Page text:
The Effect of Police Body-Worn Cameras

Tuesday, January 13th, 2015

Researchers studied the effect of police body-worn cameras on use of force and citizens’ complaints against the police and the results were stark:

We found that the likelihood of force being used in control conditions [no camera] were roughly twice those in experimental conditions [with a body-worn camera]. Similarly, a pre/post analysis of use-of-force and complaints data also support this result: the number of complaints filed against officers dropped from 0.7 complaints per 1,000 contacts to 0.07 per 1,000 contacts.

An order-of-magnitude drop in complaints sounds good.

Commenter Nicholas Marsh shared two explanations for the drop in complaints:

The first is that the camera wearing police are deterred from abusing their authority. The second is that members of the public are less likely to make false complaints.

If the public believe the former and police the latter there might be wide support for cameras.


  1. Boonton says:

    Only problem for someone who thinks false complaints are all or most of the story: If it was just that the camera deterred false complaints, then the overall use of force would not have changed so much.

  2. Toddy Cat says:

    I don’t think that anybody thinks that false complaints are all of the story, but you will note that complaints dropped a lot more than did the use of force, which would indicate that false complaints are a more significant problem than abuse of force. No matter, as long as they do not make police less likely to enforce the law (a topic not dealt with here), cameras would seem to be an unalloyed good, for all concerned.

  3. Boonton says:

    On both sides perception is likely to be biased. An objective record like a camera does not always provide a solution to all disputed cases but it does put a cap on how far each sides’ narratives can stray from the truth.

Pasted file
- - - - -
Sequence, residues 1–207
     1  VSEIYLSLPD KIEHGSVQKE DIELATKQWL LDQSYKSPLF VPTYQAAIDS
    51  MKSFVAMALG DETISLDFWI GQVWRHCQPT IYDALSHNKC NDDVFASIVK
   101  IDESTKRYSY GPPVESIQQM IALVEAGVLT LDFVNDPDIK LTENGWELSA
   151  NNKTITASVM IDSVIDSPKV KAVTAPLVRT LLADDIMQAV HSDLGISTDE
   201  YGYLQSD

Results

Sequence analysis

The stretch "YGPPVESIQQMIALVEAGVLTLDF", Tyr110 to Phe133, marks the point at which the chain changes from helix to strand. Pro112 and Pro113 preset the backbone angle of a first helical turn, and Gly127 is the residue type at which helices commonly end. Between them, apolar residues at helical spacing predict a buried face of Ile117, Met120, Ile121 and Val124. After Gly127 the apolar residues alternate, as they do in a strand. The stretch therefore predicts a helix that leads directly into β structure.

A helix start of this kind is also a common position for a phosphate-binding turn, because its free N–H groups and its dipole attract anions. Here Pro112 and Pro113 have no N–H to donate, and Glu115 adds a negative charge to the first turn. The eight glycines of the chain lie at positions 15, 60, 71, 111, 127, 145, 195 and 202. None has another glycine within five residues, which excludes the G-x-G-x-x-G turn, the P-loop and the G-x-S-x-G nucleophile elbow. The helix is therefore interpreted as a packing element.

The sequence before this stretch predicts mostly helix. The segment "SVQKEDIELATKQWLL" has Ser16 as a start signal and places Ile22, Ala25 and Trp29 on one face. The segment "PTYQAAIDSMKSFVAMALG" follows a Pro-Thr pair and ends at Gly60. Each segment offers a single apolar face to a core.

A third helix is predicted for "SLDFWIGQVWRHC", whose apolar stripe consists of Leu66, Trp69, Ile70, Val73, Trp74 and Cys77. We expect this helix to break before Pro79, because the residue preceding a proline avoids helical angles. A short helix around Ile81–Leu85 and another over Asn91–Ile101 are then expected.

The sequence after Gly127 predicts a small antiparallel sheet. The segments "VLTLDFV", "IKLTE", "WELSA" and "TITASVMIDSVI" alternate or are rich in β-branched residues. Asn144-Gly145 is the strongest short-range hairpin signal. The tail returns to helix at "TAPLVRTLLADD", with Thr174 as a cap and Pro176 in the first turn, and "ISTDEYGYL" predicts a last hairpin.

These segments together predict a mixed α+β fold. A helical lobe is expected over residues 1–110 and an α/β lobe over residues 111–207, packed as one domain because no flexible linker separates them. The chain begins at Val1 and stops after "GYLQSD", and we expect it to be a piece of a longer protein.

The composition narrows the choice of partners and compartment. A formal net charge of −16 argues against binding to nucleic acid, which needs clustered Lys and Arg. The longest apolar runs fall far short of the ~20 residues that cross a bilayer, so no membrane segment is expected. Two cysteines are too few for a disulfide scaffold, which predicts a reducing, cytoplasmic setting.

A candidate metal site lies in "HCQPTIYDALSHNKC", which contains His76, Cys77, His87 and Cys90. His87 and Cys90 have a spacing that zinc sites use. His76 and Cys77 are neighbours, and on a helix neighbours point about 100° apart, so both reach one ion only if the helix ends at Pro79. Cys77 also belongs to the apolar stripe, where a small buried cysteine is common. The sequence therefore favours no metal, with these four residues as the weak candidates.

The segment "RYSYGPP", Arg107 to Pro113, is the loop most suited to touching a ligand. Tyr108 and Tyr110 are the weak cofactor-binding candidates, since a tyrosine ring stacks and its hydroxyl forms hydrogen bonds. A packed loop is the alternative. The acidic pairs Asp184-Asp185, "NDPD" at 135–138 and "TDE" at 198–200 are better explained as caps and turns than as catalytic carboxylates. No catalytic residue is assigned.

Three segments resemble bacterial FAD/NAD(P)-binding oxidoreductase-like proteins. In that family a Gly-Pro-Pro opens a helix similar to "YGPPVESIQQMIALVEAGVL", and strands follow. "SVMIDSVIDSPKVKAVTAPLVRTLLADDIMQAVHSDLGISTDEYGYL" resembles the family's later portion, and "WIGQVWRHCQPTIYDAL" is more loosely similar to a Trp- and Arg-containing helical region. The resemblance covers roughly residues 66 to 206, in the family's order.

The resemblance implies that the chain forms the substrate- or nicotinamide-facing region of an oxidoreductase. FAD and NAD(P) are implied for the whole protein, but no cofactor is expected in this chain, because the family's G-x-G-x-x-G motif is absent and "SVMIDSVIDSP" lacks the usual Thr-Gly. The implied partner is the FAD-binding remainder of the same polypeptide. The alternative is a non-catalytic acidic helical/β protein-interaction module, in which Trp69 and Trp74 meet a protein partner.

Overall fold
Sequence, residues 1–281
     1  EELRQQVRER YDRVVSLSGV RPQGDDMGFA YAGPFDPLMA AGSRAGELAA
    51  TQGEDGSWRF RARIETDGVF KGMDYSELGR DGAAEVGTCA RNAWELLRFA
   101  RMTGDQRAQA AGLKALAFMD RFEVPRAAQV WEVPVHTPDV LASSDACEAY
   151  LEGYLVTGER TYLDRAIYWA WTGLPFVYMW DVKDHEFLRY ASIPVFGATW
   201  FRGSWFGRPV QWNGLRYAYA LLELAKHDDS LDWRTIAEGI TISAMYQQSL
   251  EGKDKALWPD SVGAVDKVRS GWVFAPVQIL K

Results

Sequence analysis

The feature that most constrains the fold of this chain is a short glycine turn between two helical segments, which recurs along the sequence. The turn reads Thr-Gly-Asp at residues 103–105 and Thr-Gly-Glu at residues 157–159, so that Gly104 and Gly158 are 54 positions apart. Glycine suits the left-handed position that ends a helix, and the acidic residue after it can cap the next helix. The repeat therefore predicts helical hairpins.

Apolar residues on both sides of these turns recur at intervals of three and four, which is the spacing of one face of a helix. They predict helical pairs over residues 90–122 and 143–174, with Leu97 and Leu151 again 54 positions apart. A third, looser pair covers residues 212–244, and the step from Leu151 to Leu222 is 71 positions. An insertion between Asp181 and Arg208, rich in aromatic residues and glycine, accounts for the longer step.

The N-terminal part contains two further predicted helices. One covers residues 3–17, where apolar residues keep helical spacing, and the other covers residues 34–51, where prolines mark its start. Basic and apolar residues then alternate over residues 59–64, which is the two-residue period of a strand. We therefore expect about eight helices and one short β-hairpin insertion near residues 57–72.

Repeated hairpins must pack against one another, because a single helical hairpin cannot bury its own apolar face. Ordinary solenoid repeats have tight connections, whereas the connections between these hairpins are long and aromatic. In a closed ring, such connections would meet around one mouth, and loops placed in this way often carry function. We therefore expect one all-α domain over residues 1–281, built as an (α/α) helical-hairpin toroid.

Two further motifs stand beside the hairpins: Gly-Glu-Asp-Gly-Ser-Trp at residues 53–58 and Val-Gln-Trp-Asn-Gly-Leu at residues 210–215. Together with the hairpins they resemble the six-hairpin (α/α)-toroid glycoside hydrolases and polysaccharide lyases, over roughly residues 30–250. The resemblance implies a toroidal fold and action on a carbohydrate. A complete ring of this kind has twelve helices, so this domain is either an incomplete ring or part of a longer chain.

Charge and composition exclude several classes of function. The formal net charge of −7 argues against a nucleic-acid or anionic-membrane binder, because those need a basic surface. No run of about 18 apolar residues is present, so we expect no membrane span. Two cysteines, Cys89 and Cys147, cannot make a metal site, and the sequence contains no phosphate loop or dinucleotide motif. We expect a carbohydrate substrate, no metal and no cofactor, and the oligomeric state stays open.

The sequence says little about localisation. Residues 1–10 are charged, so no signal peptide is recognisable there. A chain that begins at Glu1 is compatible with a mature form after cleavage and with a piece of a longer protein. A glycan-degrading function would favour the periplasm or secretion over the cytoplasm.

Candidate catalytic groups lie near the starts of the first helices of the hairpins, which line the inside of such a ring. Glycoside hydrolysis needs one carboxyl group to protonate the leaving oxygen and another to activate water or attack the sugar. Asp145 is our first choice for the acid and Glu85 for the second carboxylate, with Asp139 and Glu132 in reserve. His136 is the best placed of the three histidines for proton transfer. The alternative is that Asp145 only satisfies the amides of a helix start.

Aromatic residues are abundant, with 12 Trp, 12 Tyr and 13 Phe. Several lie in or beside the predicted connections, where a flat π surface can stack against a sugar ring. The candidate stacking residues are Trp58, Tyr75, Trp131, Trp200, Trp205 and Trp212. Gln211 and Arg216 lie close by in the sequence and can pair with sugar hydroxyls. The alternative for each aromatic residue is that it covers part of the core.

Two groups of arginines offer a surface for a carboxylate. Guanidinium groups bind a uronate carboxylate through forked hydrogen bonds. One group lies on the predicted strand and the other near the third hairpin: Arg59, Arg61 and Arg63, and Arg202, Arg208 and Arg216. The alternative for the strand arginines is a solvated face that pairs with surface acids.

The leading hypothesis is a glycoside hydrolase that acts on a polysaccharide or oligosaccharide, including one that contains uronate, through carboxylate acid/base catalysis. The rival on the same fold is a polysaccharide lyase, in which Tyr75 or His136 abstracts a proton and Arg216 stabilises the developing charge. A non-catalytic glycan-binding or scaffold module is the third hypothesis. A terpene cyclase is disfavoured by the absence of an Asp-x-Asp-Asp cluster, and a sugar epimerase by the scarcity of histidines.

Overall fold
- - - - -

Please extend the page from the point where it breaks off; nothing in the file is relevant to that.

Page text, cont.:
Behavior can also change on both sides. A person might be less inclined to be aggressive towards police knowing the camera will capture him as the person starting the conflict, for example. That may result in both fewer complaints against cops and less use of force by cops even if the officer in question isn’t actually behaving better.

    I think so far a good case has been made that both sides should agree on deploying cameras as much as possible and seeing what we learn from the results. I suspect reducing abuse and decreasing false complaints will only be the tip of the iceberg here. A lot might be learned by studying the hours of real life interactions by both average and cops that are exceptionally good and bad.

  4. Space Nookie says:

    Personally, I’m skeptical that the general public would even be aware of the cameras.

  5. Steve says:

    I am also sure that the public will not notice the cameras. That still doesn’t mean that the police department shouldn’t have a great body camera policy. I would like to see the District Attorney be in charge of storing the video evidence.

Leave a Reply